The Catechetical Review - Communicating Christ for a New Evangelization

Noëlle Le Duc and Her Pedagogy: Serving the Child’s Act of Faith, Part 2

Authored by Dr. Waltraud Linnig in Issue #2.1 of Catechetical Review
Noëlle Le Duc, while looking for ways to awaken the faith in young children, identified two important aspects of catechetical pedagogy. We shall use the terms, “fidelity to man and fidelity to God.”[1] Fidelity to Man The first aspect, fidelity to man, leads us to ask, how do we address children? In order to answer this question, we must take several points into consideration. First, we must remember that the human capacities of the children are still limited; in order to receive and adhere to the Word of God, they need to learn self-control, silence, how to listen, and so on. Young children, moreover, are still close to God, who is their origin and their Creator. Children are also innocent, although, like all of us, they are still marked by original sin. Finally, religious education must also consider that every child is unique and free. Noëlle Le Duc was not a scholar, but she was given a strong pedagogical and catechetical charism. Her practical pedagogy is not a result of academic research but is the fruit of her personal experience, enriched by the efforts of a group of educators and elementary school teachers. Her experience aligns with the research done by specialists in psychology, pedagogy, and children’s catechesis. These specialists helped her take into account all the aspects of the child’s education and to elucidate the particular aspects of her own pedagogy. For example, Noëlle Le Duc would refer to Maria Montessori, who described the great receptivity of children aged three to six years old as the “the absorbent mind.” Children are also able to remain in silence and to recollect themselves in the presence of God, as Hélène Lubienska de Lenwal explained in her writings. This Montessori educator said that young children could be compared to contemplatives: [My] observations obliged me to recognize that lots of children are naturally contemplative. If their capacity for attention is not developed, it is because they lacked the favorable conditions. It must be the same in the order of grace.[2]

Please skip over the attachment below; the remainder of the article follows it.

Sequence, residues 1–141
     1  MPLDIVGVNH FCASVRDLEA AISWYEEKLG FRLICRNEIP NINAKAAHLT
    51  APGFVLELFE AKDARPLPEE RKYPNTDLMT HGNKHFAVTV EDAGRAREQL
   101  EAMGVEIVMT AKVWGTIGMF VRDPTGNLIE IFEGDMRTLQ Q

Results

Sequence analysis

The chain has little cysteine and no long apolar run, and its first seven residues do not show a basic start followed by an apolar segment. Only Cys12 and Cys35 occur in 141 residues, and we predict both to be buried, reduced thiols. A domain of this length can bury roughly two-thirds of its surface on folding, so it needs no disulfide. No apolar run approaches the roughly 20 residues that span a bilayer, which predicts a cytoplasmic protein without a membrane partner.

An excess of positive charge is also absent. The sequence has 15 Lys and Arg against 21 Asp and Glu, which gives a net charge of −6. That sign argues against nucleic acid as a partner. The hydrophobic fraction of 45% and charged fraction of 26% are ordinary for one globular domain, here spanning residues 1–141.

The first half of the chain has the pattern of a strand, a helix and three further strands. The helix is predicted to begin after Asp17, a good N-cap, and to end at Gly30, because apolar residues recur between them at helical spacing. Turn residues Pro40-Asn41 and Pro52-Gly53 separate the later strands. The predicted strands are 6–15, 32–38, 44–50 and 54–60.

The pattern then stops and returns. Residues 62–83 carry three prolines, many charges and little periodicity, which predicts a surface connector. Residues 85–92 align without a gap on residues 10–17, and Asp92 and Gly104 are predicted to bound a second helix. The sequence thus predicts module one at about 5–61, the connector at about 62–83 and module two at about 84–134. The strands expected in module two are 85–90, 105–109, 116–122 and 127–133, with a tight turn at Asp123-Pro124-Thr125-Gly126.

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This article is from The Catechetical Review (Online Edition ISSN 2379-6324) and may be copied for catechetical purposes only. It may not be reprinted in another published work without the permission of The Catechetical Review by contacting editor@catechetics.com

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